Definition of exteriorize in English:

exteriorize

(also exteriorise)

verb

  • Make exterior; give exterior form to.

    ‘what the Greeks did do was exteriorize their intellectual life, make it convivial and explicit’
    • ‘He claims the device could measure the response of the soul ‘while exteriorized from a being.’’
    • ‘Ethnic subjects, rather than being the folk onto whom the desire for a unitary subjectivity might be exteriorized, might better be considered as the exteriorization of a deep crisis of subjectivity more generally.’
    • ‘As I have argued elsewhere a theoretical account of the OBE must comprise more than a mere specification of factors that explain why the person feels as if the self is exteriorized during the experience.’
    • ‘In ‘‘Summertime,’ ‘Hayden writes in the third person, which allows him to be ‘a little more objective, exteriorize up to a point.’’
    • ‘I would have no expectations, but I would work on each aspect of it until scoring at least five incontrovertable successes - not just exteriorized psychodrama - before moving on.’
    • ‘Instead, her breakdown takes the exteriorized form of a visual disturbance.’
    • ‘In the modern era, women's identity moved from being fixed and essential - something ‘in your character’ - to being exteriorised and manipulable, formed by clothing and makeup.’
    • ‘The wide access approach provides panoramic exposure of the epitympanic, retrolabyrinthine, and supralabyrinthine regions which are exteriorised with the remainder of the open cavity.’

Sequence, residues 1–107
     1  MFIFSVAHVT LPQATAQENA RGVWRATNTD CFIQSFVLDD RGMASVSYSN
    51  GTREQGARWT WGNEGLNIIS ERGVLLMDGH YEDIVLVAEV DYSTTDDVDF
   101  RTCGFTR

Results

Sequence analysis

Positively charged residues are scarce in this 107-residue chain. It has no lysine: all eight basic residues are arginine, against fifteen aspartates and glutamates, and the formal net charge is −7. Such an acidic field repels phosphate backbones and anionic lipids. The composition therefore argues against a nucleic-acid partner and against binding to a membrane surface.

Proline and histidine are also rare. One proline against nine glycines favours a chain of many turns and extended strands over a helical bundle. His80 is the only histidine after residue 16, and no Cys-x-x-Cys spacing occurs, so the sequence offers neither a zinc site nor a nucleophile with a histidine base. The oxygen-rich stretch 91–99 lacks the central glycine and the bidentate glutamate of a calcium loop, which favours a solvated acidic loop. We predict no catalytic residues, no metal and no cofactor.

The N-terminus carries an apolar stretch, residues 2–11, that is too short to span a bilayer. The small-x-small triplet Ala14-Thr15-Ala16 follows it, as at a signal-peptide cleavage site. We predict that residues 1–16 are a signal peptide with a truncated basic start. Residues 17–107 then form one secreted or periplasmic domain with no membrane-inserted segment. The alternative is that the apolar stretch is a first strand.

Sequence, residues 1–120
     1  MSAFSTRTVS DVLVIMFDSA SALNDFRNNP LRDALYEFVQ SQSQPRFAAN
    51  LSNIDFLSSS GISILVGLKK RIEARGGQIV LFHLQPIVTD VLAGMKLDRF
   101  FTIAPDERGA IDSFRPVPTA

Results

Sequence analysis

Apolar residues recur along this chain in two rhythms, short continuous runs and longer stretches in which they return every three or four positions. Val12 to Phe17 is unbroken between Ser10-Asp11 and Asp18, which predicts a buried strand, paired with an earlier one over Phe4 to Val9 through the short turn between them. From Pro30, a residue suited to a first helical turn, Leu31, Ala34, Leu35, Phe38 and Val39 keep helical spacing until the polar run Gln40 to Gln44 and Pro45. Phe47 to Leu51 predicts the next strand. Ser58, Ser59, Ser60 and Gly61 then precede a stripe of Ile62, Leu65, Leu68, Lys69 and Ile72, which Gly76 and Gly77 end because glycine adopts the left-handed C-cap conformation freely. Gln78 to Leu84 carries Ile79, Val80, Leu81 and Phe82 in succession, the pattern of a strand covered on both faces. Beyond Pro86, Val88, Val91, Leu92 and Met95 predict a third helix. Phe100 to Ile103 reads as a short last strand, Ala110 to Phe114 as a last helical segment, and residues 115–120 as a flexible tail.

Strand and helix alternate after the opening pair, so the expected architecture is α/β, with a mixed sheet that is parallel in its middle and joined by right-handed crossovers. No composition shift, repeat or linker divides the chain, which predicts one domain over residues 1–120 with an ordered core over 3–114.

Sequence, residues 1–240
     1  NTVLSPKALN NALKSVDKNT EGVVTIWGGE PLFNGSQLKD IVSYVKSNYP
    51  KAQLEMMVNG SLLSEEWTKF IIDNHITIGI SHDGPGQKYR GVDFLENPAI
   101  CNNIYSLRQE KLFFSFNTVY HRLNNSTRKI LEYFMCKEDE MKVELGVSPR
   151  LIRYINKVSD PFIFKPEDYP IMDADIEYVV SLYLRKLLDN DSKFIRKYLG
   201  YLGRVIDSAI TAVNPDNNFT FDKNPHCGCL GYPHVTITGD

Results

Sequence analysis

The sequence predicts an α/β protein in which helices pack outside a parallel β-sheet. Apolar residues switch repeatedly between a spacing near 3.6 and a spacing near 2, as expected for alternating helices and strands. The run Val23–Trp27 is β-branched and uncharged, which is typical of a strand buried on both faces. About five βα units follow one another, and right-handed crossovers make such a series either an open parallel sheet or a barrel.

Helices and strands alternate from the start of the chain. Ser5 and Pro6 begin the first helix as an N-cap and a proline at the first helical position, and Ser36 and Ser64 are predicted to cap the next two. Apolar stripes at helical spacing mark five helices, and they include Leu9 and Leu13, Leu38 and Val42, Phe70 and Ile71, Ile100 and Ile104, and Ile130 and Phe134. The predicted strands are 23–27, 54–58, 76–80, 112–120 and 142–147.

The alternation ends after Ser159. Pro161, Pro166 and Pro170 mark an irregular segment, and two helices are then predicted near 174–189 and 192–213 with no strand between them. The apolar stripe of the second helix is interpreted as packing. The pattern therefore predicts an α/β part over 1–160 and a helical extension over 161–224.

• ‘We have seen a similar process occurring in Petrarch's visionary poem, where Laura exteriorizes en passant the process of fashioning a poetic self.’
    • ‘Olson does address the importance of an ‘interior listening process,’ as Gier puts it, but also seems to ‘valorize the projective, exteriorizing act.’’
    • ‘‘Cultures are taken to be only manifest and exteriorized phenomena that those who do not enter the new world cannot observe’.’
    • ‘The production of social memory within the corporate mass media has exteriorised memory through the construction of historical imagery.’
    • ‘Public ceremonials exteriorize certain concepts, ideas and beliefs that have reference to spiritual, psychological, intellectual and political survival among their participants.’
    • ‘Disgust with ‘other’ sexuality is exteriorized in the public sphere and interiorized by women and gays.’
    • ‘She has exteriorised her affliction by simulating it in her self-portraits through blurred grainy patches, thus ridding the body of physiological disease and social malaise.’
    • ‘Such are those moments of intense meditation when the mind exteriorizes its own universe:’
    • ‘But can the highest form of expressionism really be the exteriorizing, or soliloquizing, of inner, realistic psychological states?’
    • ‘The self-reflexivity of the narrative serves to exteriorize Ambrose's self-conscious self-narration.’
    • ‘Without the act of exteriorizing the private sphere, identity negotiations at borders, within and without, do not actualize, intracommunal links are not forged, and the ideal of the universal man remains unappropriated.’
    • ‘Moreover, Expressionist drama attempts to exteriorize inner psychic states in the human being.’

Pronunciation

exteriorize

/ɪkˈstɪərɪərʌɪz//ɛkˈstɪərɪərʌɪz/